Imagine you’re a 12-year-old Red Sox who has known nothing but winning his (or her) entire life. You were only 5 years old when the team won its first World Series of your lifetime and, based on everybody else’s reaction, you could tell it was a big deal. You were all of 8 years old when the Red Sox won again.
Imagine, for you, winning is a habit. Theo Epstein can.
Epstein officially becomes the former general manager of the Red Sox on Tuesday when the Cubs introduce him in a news conference at Wrigley Field. In an op-ed published in Tuesday’s edition of The Boston Globe, Epstein offers those young fans an explanation. Or more accurately, he offers a 12-year-old version of himself and explanation.
“My whole outlook on life changed at age 12 as my twin brother and I writhed on the living room floor, devastated by Game 6 of the ’86 World Series,” Epstein writes. “Had you told me then that the Red Sox would go on to raise not one but two World Series flags, I wouldn’t have believed you. And had you told the 12-year-old me that I would someday walk away from my dream job as general manager of the Red Sox completely of my own volition, I would have thought you were crazy.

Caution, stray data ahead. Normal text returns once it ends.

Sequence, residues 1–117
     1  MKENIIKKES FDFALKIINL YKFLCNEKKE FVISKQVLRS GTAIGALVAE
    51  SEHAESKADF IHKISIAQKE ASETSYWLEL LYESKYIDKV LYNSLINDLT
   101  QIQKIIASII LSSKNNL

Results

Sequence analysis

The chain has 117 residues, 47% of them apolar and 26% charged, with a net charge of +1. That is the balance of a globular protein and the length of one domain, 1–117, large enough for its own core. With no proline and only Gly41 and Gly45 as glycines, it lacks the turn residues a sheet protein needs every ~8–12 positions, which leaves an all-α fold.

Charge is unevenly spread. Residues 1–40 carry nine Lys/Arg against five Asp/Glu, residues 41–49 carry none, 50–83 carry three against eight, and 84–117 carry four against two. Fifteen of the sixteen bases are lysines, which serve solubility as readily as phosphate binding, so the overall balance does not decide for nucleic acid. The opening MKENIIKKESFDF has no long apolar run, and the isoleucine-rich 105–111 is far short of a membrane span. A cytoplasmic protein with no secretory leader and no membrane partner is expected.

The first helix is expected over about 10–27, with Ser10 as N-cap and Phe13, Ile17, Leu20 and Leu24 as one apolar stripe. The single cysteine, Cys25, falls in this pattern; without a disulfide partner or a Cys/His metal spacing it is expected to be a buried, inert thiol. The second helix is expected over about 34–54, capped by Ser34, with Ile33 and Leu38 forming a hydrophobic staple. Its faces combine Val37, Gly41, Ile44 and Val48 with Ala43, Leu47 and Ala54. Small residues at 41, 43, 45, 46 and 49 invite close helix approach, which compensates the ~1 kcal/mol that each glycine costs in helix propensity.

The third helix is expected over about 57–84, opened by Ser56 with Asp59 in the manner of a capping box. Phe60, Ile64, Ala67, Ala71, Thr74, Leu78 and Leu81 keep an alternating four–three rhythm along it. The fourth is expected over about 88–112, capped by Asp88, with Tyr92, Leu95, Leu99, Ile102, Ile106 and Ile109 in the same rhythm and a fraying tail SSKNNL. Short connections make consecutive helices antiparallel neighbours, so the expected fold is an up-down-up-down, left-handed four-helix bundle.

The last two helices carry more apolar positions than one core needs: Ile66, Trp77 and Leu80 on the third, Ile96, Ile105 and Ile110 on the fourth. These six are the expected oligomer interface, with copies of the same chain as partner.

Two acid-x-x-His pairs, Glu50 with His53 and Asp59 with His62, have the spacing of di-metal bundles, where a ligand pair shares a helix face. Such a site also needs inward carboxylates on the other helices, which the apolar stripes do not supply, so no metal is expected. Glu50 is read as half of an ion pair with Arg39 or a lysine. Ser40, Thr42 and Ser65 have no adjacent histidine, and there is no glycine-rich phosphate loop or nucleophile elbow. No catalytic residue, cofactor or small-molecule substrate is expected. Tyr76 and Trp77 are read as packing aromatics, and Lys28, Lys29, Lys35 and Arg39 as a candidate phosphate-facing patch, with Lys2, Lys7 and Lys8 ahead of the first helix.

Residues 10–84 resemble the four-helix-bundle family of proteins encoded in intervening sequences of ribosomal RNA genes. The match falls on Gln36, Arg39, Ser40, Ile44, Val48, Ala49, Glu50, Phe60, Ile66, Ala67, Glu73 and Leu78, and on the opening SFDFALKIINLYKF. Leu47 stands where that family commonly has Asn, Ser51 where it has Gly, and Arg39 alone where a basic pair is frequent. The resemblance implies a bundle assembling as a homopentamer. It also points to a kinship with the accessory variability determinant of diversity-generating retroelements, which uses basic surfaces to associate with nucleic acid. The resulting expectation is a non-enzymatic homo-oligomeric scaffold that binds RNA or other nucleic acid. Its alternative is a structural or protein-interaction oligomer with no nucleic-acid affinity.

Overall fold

“I think that kid would appreciate an explanation — and so might some of you.”
In the op-ed, which you can read here, Epstein recalls the great moments of his tenure and takes responsibility for this season’s September collapse. He calls the Red Sox ownership group a “model for others to follow” and hopes his old team and new team “meet again in October not too many years from now.”
So, 12-year-old Theo, are you satisfied with grown-up Theo’s explanation?
Take one last, long look. By Tuesday afternoon, that Red Sox logo will be replaced by a red “C.”
“Well, I was more thinking that we had a real good chance with [Mark] Rzepcynski with a pinch-hitter [for David Murphy] or not, and if we got an out or not we were going to pitch around [Mike] Napoli and then go after the left-hander.”
— Cardinals manager Tony LaRussa explaining — or trying to explain — his bullpen moves in the eighth inning in Monday’s Game 5 of the World Series
Here’s Maria to remind us what’s really important.
The fans seem to love it, but how much do you want to bet that Nolan Ryan hates this sort of foolishness with the fury of a thousand suns?
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